Soon afterwards, Rise Buzzard, along with two other Republicans, filed Challenges to Candidacy with the County Election Board to potentially remove four Republicans from the primary ballot for precinct committeemen spots.
Those four candidates were Dwight Brautigam, James O’Donnell, Matthew Wilcox, and Barbara Fetters, Brooks Fetters’ wife. All four were accused of backing Independent Richard Strick in the election in some form, whether that was giving a donation, displaying a sign, or signing a petition.
Rise Buzzard and the other complainants argued that those actions were grounds to revoke their status as “Republicans in good standing.”
“To be in good standing, you can’t openly and actively be working against the party nominees,” Rise Buzzard explained.
Officials with the election board heard each claim one by one and made their decisions based on information and testimony presented.
While the process to remove candidates is not common, it doesn’t directly violate state code.
Prior to the 1990s, election procedures were written in the Indiana Code. However, over the years, the Indiana Elections Board removed much of the code and now respects the rules set by each party.
Indiana GOP rules state the following about who is eligible to run as a Republican.
“No person shall be eligible for election for the office of precinct committeeman or the appointment to the office of Precinct Committeeman or Vice-Precinct Committeeman unless the individual:
(1) is a Qualified Elector of the precinct (if elected) or a Qualified Elector of the county (if appointed); and
(2) is a Qualified Primary Republican; or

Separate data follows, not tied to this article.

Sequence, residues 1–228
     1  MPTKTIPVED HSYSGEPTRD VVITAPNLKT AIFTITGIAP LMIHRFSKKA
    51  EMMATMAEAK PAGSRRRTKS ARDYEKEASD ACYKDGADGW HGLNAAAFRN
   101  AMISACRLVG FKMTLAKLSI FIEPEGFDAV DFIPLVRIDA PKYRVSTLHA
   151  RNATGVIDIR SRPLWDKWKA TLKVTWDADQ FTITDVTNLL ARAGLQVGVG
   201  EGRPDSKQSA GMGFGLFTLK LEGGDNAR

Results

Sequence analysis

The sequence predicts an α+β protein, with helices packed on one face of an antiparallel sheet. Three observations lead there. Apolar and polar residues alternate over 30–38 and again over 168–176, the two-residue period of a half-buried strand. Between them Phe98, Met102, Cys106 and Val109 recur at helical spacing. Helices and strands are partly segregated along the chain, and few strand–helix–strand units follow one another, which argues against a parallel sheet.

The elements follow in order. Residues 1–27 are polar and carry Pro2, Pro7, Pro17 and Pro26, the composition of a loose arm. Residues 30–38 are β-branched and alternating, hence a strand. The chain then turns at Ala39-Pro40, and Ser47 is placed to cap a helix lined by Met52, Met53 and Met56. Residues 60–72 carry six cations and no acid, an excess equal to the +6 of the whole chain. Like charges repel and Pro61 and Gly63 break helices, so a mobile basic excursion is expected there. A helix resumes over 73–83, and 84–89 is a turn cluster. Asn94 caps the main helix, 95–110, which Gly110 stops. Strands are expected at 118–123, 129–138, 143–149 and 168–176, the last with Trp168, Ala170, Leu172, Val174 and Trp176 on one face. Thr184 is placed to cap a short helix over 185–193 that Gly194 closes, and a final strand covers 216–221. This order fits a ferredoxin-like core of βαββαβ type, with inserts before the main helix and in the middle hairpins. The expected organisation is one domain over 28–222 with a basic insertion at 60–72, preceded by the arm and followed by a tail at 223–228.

(3) he/she obtains an authorization form signed by the County Chairman and the candidate for committeeman saying the individual pledges full support to the Republican Party and the candidates of the Republican Party. This form (IRSC/CA-1)6 shall be attached to the back of the CAN-37 when the candidate Files his/her declaration with the county clerk, or county election board as appropriate for the county. The County Chairman shall also Communicate a copy of this form to the State Secretary.”Indiana GOP Rule 3-3
Monday night’s meeting was to determine if each of the four candidates were in good standing as Republicans and if they supported Strick, instead of Republican nominee Larry Buzzard.
Three out of the four were found to be in bad standing and were removed.
After the next cycle of elections, those who were removed can run again without Monday’s hearing being used against them, as long as they register and vote as a Republican in the next primary election and follow other predetermined requirements.
They can also appeal Monday night’s decision, which could be reversed if the proper criteria is met.
For a full list of Indiana, Republican rules click here.
Future of Huntington GOP
Now that Fetters, O’Donnell, and Wilcox have been removed from the ballot, the future of the Huntington GOP hangs in the balance.
Because O’Donnell was running unopposed, GOP chairwoman Rise Buzzard will decide who will fill that position.
As for Fetters and Wilcox, those running against them will move on unopposed to the primaries in May.
Regardless of the results of Monday night’s meeting and the appeals that may come in the future, many like Councilman Seth Marshall are setting their sights on the future success of the Republican party in Huntington County, and hoping to move past this phase of local politics.
“Our hope is, I think, to bring the party back together, and let’s start healing and working together,” Marshall said. “I think a lot of people were disappointed in the process, but it is a process, and I think we need to respect that.”